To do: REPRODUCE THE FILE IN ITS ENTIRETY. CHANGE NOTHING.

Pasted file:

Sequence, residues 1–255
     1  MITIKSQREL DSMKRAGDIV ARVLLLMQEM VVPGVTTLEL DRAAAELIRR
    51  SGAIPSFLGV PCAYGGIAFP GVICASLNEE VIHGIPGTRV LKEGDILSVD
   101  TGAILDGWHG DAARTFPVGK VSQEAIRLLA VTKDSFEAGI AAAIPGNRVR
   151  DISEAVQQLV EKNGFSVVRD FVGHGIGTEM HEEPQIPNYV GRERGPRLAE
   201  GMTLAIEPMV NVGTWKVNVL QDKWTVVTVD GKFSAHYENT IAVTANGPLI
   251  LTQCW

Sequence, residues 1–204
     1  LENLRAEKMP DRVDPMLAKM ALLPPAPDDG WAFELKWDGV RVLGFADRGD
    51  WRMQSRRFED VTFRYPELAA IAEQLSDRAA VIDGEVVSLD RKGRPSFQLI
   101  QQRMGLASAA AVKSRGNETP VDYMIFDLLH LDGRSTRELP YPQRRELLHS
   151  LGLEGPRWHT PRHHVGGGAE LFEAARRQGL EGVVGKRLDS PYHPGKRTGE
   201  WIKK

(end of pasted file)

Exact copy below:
Sequence, residues 1–255
     1  MITIKSQREL DSMKRAGDIV ARVLLLMQEM VVPGVTTLEL DRAAAELIRR
    51  SGAIPSFLGV PCAYGGIAFP GVICASLNEE VIHGIPGTRV LKEGDILSVD
   101  TGAILDGWHG DAARTFPVGK VSQEAIRLLA VTKDSFEAGI AAAIPGNRVR
   151  DISEAVQQLV EKNGFSVVRD FVGHGIGTEM HEEPQIPNYV GRERGPRLAE
   201  GMTLAIEPMV NVGTWKVNVL QDKWTVVTVD GKFSAHYENT IAVTANGPLI
   251  LTQCW

Sequence, residues 1–204
     1  LENLRAEKMP DRVDPMLAKM ALLPPAPDDG WAFELKWDGV RVLGFADRGD
    51  WRMQSRRFED VTFRYPELAA IAEQLSDRAA VIDGEVVSLD RKGRPSFQLI
   101  QQRMGLASAA AVKSRGNETP VDYMIFDLLH LDGRSTRELP YPQRRELLHS
   151  LGLEGPRWHT PRHHVGGGAE LFEAARRQGL EGVVGKRLDS PYHPGKRTGE
   201  WIKK